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Isfahan square: Naqsh-e jahàn square

Naqsh-e jahàn square (Meidān Naqsh-e jahān) today also known as Imam square (Meidān-e Emām) and in the past as Shah square (Meidān-e Shāh) is the most beautiful square in Isfahan in Iran. Its original name “Meidān Naqsh-e jahān” means “Square of the Image of the World” and represents the symbol of the power of the Safavid empire. The square, which is considered the largest public square in the world after Beijing’s Tienamen square, is 560 meters long and 160 meters wide and therefore covers an area of almost 9 hectares.

Built by Shah Abbas I the Great at the beginning of the seventeenth century, the square of Isfahan is delimited on all sides by monumental buildings connected together by a series of two-storey arches. A homogeneous urban complex built according to a single, coherent and harmonious plan, Naqsh-e jahàn square became the heart of the Safavid capital. Naqsh-e jahàn square is an impressive testimony to the power of Shah Abbas I and the level of sophistication of social and cultural life achieved in Persia during the Safavid period.

All the architectural elements that outline the square, including the arcades of the shops, are aesthetically very beautiful. Generally they are adorned with a profusion of glazed ceramic tiles with paintings, in which floral ornaments are dominant. After its construction, Isfahan square was mainly used for celebrations. But also for public executions, for playing polo and for troop parades. In short, the royal square of Isfahan was the monument par excellence of Persian socio-cultural life during the Safavid dynasty.

Naqsh-e jahān square, Isfahan, Iran. Author and Copyright Marco Ramerini,
Naqsh-e jahān square, Isfahan, Iran. Author and Copyright Marco Ramerini,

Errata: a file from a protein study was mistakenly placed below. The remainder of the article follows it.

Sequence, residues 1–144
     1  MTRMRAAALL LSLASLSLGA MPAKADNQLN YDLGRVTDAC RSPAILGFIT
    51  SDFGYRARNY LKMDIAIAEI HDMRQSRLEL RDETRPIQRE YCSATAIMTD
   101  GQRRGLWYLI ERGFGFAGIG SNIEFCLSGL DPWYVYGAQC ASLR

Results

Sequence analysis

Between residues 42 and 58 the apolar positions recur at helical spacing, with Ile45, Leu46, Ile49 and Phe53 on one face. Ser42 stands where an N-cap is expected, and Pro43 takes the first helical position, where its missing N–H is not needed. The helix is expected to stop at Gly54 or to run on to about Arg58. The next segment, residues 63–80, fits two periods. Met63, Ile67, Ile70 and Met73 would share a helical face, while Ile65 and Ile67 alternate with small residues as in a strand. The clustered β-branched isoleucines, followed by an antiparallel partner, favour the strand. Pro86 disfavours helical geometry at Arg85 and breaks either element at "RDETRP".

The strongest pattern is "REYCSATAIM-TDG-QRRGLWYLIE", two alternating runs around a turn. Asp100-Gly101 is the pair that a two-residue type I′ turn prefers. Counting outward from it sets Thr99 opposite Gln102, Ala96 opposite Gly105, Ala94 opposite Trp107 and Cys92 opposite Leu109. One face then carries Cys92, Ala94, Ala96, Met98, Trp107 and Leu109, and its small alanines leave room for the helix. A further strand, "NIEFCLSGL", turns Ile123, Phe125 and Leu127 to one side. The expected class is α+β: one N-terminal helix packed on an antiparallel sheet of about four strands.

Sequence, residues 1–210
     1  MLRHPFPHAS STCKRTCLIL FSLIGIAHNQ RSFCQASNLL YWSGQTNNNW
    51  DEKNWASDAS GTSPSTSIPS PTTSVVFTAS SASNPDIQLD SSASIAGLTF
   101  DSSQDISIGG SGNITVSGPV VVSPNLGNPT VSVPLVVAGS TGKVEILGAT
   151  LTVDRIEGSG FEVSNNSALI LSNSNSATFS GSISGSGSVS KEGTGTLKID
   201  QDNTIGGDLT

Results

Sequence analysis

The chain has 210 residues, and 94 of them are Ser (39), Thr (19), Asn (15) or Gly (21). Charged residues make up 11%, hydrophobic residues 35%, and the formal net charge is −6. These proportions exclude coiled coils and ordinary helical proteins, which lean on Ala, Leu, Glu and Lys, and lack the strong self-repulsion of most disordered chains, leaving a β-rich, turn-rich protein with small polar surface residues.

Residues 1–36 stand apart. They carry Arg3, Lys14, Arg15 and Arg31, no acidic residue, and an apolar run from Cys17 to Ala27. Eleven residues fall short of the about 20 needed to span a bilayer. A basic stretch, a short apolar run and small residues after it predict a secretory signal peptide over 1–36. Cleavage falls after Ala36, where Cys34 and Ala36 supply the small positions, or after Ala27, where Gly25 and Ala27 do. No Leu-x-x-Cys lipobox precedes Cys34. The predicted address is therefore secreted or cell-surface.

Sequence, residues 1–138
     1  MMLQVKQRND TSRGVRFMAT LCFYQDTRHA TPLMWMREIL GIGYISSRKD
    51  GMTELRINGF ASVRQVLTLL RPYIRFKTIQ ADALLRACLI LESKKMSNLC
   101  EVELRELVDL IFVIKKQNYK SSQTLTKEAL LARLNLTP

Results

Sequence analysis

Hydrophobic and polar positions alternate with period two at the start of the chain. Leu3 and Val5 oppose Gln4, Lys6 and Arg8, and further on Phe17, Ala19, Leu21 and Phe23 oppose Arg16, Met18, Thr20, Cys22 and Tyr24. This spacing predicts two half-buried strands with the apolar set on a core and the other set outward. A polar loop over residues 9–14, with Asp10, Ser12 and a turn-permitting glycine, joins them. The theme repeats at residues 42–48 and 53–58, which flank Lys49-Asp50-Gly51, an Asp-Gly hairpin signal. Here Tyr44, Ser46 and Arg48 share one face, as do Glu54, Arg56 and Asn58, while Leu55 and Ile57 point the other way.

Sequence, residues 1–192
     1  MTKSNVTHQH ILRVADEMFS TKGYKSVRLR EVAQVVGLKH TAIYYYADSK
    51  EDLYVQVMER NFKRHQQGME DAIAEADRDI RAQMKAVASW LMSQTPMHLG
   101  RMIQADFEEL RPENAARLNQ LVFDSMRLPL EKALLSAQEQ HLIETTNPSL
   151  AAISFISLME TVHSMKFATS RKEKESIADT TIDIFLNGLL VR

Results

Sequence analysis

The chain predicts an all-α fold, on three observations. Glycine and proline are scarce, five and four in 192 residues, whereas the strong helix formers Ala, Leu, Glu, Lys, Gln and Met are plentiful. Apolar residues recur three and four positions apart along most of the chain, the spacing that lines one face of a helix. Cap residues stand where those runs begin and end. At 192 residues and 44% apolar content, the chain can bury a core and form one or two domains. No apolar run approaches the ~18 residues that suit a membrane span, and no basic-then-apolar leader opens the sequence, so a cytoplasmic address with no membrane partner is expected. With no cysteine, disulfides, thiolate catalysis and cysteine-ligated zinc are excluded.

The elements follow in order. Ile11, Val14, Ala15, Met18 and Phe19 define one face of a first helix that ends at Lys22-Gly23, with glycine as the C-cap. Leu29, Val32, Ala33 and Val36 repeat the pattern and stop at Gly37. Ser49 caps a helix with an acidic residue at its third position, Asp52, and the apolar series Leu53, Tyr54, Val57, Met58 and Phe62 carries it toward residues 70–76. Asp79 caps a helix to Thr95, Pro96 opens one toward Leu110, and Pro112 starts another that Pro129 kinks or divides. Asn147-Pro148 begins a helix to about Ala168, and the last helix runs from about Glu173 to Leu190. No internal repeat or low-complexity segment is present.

THE MOST BEAUTIFUL SQUARE IN IRAN

Some of the most interesting Safavid-era buildings in Isfahan overlook the square. Including two mosques – the Royal Mosque and the Sheikh Lotf Allah Mosque -, the Royal Palace of Ali-Qapu and the city’s Grand Bazaar. The Royal Mosque – also known as the Shah Mosque or Imam Mosque – is located in the southern part of the square and was built by Shah Abbas I between 1611 and 1629. This mosque represents one of the masterpieces of Persian architecture.

On the east side of the square there is instead the Sheikh Lotf Allah Mosque erected from 1603 and finished in 1619. This mosque has no minarets because it was used exclusively by members of the royal family, but has a truly superb majolica decoration. The Royal Palace of Ali-Qapu is located on the west side of the square opposite the Sheikh Lotf Allah Mosque. Between the two buildings the square is adorned with a large basin with water. In the northern part of the square is the main gate of the Grand Bazaar of Isfahan (Qeyssariyeh gate) which occupies all the arches on the sides of the square and is one of the oldest and largest in the entire Middle East.

Sheikh Lotfollah Mosque Naqsh-e Jahan Square, Esfahan, Iran. Author and Copyright Marco Ramerini
Sheikh Lotfollah Mosque in Naqsh-e Jahan Square, Isfahan, Iran. Author and Copyright Marco Ramerini
Ali-Qapu Palace, Naqsh-e jahān Square, Isfahan, Iran. Author and Copyright Marco Ramerini,
Ali-Qapu Palace, Naqsh-e jahān Square, Isfahan, Iran. Author and Copyright Marco Ramerini,
Mosque of Sheikh Lotfollah, Esfahan, Iran. Author and Copyright Marco Ramerini
Mosque of Sheikh Lotfollah in Naqsh-e jahān square, Isfahan, Iran. Author and Copyright Marco Ramerini
Bazaar, Esfahan, Iran. Author and Copyright Marco Ramerini,
Bazaar, Naqsh-e jahān square, Isfahan, Iran. Author and Copyright Marco Ramerini,
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